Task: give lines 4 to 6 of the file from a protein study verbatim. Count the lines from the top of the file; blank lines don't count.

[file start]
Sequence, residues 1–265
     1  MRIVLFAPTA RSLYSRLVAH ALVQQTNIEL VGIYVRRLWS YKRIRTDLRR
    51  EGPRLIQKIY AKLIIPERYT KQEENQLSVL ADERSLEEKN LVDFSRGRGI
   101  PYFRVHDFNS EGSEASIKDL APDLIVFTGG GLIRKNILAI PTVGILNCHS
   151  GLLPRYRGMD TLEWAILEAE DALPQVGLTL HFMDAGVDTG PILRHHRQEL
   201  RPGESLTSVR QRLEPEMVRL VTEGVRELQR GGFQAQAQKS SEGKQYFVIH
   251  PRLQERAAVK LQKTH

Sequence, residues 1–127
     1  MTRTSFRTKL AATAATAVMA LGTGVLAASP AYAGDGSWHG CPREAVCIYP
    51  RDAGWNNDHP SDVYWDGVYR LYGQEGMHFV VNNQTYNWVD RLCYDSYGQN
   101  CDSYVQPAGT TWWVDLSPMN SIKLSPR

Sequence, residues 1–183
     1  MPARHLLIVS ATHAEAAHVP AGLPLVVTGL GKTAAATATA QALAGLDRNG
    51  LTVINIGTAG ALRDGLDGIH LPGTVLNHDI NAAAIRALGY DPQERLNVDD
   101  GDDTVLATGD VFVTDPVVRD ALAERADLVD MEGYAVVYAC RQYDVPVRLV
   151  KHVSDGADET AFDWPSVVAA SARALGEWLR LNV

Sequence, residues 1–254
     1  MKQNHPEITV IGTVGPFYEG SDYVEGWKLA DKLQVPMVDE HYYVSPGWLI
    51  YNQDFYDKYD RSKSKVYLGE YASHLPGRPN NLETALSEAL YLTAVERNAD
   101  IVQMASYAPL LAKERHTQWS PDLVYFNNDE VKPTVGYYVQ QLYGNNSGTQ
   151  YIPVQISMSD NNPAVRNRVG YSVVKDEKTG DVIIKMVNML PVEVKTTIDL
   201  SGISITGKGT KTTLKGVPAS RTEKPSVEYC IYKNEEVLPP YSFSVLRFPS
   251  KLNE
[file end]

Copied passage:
   101  PYFRVHDFNS EGSEASIKDL APDLIVFTGG GLIRKNILAI PTVGILNCHS
   151  GLLPRYRGMD TLEWAILEAE DALPQVGLTL HFMDAGVDTG PILRHHRQEL
   201  RPGESLTSVR QRLEPEMVRL VTEGVRELQR GGFQAQAQKS SEGKQYFVIH